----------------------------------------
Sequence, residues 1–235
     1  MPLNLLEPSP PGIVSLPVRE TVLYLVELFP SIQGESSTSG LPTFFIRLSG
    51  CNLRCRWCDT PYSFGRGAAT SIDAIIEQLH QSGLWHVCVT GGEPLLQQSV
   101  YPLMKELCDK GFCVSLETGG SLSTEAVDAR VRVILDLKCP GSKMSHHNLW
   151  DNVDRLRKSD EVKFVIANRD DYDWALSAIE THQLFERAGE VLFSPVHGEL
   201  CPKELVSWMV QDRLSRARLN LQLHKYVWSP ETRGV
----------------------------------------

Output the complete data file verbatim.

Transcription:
Sequence, residues 1–235
     1  MPLNLLEPSP PGIVSLPVRE TVLYLVELFP SIQGESSTSG LPTFFIRLSG
    51  CNLRCRWCDT PYSFGRGAAT SIDAIIEQLH QSGLWHVCVT GGEPLLQQSV
   101  YPLMKELCDK GFCVSLETGG SLSTEAVDAR VRVILDLKCP GSKMSHHNLW
   151  DNVDRLRKSD EVKFVIANRD DYDWALSAIE THQLFERAGE VLFSPVHGEL
   201  CPKELVSWMV QDRLSRARLN LQLHKYVWSP ETRGV